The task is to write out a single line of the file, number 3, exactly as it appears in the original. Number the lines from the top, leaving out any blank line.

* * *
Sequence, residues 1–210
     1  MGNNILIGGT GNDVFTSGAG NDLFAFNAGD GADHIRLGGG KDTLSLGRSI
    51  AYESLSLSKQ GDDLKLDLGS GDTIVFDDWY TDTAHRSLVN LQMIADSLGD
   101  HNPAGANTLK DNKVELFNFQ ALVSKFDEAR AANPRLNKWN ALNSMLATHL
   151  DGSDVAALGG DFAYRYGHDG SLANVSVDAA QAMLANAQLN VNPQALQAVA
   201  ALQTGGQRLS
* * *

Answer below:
    51  AYESLSLSKQ GDDLKLDLGS GDTIVFDDWY TDTAHRSLVN LQMIADSLGD